North Korea: 11 Things You Didn’t Know (Part 2)

bbc.co.uk
bbc.co.uk

We already brought you part one of our list of 11 things you didn’t know about North Korea, and now we’re back with part two! Check out six more fascinating facts about North Korea that you definitely (probably) did not know below. You might be surprised by what you learn!

Number Six: James Franco Is on Kim Jong-un’s Bad Side. After the release of The Interview, which stars James Franco and Seth Rogen and is an obvious parody of North Korea, Kim Jong-un effectively banned the film in North Korea. However, one man in South Korea was so determined to get the film inside North Korea’s borders that he ballooned thousands of copies of the film across the border.

Number Five: Their Elections Include Only One Candidate. The official name of North Korea is The Democratic People’s Republic of Korea, but in order to call it that, the country must hold elections every five years. They do hold elections; however, only one name is ever on the ballot, and it is mandatory that the country’s citizens vote.

Number Four: Their “Labor” Camps Are Really Death Camps. Many testimonies have confirmed the suspicion that North Korea’s “labor” camps are really death camps. The prison camps are eerily similar to Holocaust death camps, and prisoners there are malnourished, beaten, tortured, and overworked.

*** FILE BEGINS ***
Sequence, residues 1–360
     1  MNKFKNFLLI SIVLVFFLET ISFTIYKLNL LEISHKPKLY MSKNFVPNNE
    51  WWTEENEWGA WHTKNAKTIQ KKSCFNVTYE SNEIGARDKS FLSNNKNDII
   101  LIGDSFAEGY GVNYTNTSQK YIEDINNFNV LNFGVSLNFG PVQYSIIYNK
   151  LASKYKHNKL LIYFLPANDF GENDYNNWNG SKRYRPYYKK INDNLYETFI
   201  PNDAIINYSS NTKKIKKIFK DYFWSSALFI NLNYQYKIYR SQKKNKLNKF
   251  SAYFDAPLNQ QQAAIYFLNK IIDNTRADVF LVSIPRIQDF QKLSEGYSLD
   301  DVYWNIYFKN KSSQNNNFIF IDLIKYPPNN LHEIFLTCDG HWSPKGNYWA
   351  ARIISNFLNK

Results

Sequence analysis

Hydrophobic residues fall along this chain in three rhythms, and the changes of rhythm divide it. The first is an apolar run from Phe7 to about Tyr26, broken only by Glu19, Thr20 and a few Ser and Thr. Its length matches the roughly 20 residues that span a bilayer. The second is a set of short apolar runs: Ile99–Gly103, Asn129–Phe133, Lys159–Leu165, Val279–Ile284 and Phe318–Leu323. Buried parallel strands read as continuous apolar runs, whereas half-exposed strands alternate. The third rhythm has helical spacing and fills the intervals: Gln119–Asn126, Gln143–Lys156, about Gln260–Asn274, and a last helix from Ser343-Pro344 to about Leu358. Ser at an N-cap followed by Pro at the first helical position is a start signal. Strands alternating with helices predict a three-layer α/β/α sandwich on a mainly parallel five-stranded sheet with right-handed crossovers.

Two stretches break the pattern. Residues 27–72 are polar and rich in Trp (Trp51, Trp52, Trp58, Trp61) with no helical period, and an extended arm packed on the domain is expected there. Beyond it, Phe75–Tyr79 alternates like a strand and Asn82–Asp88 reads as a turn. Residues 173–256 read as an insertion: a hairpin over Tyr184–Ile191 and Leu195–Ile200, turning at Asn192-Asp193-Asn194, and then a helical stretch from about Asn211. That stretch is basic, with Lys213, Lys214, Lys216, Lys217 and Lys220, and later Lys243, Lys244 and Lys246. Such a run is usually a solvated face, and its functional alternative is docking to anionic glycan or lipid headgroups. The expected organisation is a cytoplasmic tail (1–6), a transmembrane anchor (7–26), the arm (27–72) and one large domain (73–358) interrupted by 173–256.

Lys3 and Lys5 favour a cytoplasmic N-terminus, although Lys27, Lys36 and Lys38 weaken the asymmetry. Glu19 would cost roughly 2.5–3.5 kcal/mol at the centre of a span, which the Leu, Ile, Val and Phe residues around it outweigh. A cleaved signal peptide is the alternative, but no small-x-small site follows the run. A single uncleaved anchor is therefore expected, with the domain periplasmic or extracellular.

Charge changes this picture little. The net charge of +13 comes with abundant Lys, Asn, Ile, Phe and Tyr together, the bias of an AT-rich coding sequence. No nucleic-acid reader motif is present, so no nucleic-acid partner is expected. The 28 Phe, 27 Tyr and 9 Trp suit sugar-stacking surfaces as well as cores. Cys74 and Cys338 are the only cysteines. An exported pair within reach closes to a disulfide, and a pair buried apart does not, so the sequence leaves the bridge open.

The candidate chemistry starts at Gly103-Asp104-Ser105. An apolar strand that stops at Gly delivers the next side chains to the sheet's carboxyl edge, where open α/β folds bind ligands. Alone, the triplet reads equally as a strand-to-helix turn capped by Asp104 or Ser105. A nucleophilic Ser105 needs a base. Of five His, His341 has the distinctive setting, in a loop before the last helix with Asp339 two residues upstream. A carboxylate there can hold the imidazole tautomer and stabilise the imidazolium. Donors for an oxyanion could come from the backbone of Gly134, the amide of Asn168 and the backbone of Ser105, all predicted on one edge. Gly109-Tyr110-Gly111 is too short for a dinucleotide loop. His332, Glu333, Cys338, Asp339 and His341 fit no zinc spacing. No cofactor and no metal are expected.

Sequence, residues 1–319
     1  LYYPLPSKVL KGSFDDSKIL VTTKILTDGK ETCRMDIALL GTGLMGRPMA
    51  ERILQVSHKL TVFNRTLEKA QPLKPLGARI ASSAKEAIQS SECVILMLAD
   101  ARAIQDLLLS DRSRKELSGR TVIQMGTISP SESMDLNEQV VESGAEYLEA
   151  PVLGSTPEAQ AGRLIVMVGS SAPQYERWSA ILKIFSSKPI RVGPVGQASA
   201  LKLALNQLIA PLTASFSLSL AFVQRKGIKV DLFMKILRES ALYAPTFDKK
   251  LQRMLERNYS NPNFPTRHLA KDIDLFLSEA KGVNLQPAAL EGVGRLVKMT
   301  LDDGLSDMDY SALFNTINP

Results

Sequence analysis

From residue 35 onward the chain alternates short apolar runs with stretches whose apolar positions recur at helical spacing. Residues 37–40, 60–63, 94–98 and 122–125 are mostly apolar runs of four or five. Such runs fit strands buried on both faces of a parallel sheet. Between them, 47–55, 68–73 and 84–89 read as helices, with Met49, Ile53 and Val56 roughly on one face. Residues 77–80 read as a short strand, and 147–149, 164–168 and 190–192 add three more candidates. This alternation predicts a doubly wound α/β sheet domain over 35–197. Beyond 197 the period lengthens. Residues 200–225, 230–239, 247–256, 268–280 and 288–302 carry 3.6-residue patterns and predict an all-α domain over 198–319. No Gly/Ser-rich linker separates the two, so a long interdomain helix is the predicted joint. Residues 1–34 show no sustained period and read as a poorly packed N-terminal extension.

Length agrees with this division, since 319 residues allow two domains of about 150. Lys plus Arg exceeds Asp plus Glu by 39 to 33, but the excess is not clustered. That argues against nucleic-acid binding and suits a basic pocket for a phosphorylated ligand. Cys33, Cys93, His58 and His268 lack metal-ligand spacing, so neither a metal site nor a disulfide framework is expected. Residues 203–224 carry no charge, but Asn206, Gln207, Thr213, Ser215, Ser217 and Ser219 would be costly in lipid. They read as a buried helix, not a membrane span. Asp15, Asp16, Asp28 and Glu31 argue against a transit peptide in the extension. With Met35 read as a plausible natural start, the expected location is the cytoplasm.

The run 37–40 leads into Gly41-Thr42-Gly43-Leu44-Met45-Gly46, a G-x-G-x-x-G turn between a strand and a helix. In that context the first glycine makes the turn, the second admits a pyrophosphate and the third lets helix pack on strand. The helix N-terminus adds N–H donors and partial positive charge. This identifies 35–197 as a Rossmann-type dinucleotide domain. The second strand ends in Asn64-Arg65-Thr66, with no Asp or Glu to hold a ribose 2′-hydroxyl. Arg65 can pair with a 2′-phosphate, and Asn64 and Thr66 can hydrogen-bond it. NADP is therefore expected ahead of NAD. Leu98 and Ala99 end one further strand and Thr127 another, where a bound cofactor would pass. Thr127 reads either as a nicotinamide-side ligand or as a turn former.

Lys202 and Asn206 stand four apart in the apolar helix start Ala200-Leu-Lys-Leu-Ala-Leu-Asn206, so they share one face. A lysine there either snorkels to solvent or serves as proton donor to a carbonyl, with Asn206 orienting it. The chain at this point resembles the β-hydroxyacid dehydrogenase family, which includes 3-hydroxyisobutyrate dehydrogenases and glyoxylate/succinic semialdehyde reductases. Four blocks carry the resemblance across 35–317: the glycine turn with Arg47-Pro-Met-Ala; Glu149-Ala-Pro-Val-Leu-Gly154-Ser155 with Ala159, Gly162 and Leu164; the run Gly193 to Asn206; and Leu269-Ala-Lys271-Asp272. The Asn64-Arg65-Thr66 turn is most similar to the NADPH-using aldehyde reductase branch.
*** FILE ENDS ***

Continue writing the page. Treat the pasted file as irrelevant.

Number Three: If You Violate the Law, Expect Your Entire Family to Be Punished. People are sent to the prison camps for many reasons, but the main one is for violating the law or going against the regime. However, if one person violates the law, then three generations of that person’s family will be sent to labor camps. The regime believes that the beliefs of one person may spread throughout his or her entire family, so the entire family is punished.

Number Two: They Built a Ghost Town on Purpose. In the 1950s, Kijong-Dong was built as a way to attract people to come to North Korea. However, Kijong-Dong is actually just a ghost town. The town is visible from the border, and its blue roofs make it visually appealing, but nobody actually lives there.

Number One: Tourists Can See Kim Jong-il’s Body. Though tourism in North Korea is highly calculated, visitors can go see Kim Jong-il’s body preserved in a glass case within a mausoleum.

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